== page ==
Medical Questions on Employment Application Create Viable ADA Claim for Non-Disabled Applicant
A recent Tenth Circuit Court of Appeals ruling serves as a strong reminder to employers to avoid asking job applicants health-related questions. In Griffin v. Steeltek, Inc., the court held that a job applicant who was neither disabled, nor perceived to be disabled, was nonetheless entitled to sue the employer under the Americans with Disabilities Act ("ADA") for injuries flowing from impermissible questions on his job application.
Griffin applied for a position as a grinder at Steeltek. Griffin's job application posed the following questions: "Have you ever received Workers' Compensation or Disability Income payments? If yes, describe." and "Have you physical defects which preclude you from performing certain jobs? If yes, describe." Griffin answered the first question, stating, "3 degree burn to hand & foot, surgery to elbow, pain in shoulder." He did not answer the second question. The court assumed the questions were improper because the ADA forbids employers from making medical inquiries prior to employment: "[A] covered entity shall not . . . make inquiries of a job applicant as to whether such applicant is an individual with a disability or as to the nature or severity of such disability." While an employer is allowed to make "preemployment inquiries into the ability of an applicant to perform job-related functions," the burden is on the employer to show that its inquiry is "job-related and consistent with business necessity." The questions in Griffin clearly fell into the improper category, as they focused on the extent and nature of the applicant's disability, not on the applicant's ability to perform the job tasks at hand.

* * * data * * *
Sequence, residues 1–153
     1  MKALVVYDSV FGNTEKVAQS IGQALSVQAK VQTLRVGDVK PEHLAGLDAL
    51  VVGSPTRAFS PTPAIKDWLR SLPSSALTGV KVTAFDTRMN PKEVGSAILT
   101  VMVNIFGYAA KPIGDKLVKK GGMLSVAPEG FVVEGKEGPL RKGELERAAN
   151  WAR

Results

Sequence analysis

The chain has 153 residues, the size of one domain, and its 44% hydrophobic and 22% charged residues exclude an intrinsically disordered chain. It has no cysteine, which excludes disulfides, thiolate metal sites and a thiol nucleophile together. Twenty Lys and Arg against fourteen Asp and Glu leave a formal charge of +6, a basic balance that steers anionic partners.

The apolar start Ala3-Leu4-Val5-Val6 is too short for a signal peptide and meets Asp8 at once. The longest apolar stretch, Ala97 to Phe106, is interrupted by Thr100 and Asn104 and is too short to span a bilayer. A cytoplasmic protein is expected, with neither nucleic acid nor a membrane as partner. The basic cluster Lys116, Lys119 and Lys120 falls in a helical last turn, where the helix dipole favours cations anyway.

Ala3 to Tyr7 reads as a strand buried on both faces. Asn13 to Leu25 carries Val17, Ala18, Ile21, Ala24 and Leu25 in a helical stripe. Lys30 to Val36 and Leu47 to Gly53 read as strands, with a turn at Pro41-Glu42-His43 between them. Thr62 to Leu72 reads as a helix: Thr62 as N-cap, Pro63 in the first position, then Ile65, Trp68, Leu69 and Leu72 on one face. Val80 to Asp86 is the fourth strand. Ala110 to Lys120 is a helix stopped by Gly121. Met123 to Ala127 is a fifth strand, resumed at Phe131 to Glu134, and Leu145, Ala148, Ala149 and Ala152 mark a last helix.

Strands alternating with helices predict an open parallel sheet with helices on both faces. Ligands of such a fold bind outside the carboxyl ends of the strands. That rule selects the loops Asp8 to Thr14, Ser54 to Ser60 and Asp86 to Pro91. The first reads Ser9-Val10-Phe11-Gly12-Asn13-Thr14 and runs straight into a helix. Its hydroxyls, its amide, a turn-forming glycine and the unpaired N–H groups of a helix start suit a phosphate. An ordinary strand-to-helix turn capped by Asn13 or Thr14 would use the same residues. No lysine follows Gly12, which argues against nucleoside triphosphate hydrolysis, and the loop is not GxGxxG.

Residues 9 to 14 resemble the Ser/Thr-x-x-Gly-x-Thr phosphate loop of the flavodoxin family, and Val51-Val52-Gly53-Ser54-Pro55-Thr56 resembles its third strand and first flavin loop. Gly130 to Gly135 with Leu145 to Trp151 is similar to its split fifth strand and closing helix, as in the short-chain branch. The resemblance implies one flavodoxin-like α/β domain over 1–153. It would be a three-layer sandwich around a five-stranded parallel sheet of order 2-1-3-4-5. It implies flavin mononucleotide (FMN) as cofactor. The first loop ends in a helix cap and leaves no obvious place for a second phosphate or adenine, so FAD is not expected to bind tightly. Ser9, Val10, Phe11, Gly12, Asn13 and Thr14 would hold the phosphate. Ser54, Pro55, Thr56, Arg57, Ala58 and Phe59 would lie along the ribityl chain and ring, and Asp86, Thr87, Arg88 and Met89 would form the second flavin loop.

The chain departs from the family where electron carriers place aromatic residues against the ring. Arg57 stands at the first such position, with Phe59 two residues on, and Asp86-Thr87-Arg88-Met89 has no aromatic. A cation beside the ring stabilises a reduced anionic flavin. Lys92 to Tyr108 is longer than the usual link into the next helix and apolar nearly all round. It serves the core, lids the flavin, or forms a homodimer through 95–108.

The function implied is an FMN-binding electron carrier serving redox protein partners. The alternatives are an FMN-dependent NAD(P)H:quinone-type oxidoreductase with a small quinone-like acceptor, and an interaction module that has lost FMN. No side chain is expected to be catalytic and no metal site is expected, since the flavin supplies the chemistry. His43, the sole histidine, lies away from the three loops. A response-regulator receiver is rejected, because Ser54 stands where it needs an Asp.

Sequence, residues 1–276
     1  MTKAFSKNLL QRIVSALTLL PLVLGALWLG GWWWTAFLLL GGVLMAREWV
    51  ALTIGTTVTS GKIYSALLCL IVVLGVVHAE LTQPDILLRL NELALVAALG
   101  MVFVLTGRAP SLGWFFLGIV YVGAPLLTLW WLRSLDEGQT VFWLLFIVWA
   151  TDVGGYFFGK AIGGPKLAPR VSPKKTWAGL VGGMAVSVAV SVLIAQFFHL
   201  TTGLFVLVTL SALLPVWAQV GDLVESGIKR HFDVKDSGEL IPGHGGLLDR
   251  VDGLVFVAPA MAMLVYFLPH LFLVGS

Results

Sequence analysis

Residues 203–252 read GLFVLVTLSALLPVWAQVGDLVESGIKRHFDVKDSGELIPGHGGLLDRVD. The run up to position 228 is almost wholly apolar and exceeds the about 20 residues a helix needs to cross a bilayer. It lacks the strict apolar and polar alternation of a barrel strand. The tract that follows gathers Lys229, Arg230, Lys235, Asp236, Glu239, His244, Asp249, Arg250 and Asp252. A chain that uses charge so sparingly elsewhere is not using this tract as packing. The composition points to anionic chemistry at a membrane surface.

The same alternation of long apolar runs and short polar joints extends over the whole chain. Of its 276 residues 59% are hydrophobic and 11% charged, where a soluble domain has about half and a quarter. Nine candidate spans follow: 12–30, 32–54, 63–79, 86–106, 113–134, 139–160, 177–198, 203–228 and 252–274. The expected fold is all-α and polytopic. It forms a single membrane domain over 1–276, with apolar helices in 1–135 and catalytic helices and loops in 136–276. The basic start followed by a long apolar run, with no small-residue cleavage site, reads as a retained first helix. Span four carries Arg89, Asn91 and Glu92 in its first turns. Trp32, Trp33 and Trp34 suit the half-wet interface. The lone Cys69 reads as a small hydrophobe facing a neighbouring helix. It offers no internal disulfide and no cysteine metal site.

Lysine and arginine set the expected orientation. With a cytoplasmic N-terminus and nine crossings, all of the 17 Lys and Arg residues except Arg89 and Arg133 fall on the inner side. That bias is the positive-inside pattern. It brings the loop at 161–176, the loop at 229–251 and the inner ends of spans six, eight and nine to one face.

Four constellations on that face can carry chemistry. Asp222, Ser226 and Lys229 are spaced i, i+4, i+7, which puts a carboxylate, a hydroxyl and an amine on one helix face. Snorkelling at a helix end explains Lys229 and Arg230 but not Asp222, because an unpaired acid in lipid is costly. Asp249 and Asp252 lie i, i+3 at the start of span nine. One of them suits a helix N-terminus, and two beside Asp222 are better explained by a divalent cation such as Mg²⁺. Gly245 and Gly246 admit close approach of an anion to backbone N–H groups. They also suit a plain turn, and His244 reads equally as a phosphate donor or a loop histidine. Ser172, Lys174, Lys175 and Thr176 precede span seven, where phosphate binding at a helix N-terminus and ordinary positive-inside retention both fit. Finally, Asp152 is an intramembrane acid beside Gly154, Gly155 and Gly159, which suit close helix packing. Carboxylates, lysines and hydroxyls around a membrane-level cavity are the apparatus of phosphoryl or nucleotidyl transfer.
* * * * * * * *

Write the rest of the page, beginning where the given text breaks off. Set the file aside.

Standing to Sue
Having assumed the application questions were improper, the issue for the Tenth Circuit Court of Appeals was whether Griffin Â– who was not disabled and was not perceived to be disabled Â– could sue Steeltek on the theory that Griffin's responses to Steeltek's improper questions revealed health-related information that caused Steeltek to reject his application. The court decided that the language of the ADA, in prohibiting inquiries of a "job applicant" as to the existence, extent, or nature of a disability was intended to protect a larger class of people than simply disabled people. The court also found that the policy of the ADA to eliminate disability discrimination is best served by allowing all job applicants who are subjected to illegal medical questioning and who are in fact injured thereby to sue, rather than to limit that right to a narrower subset of applicants who are in fact disabled. Thus, Griffin could sue under the ADA for whatever injury he suffered as a result of being asked the improper questions.
This decision clearly illustrates why employers should avoid questions concerning a job applicant's medical condition during the application process. To the extent they are necessary, questions should focus on the applicant's ability to perform specific job functions rather than on the nature or extent of any medical condition that might impact the applicant's ability to perform.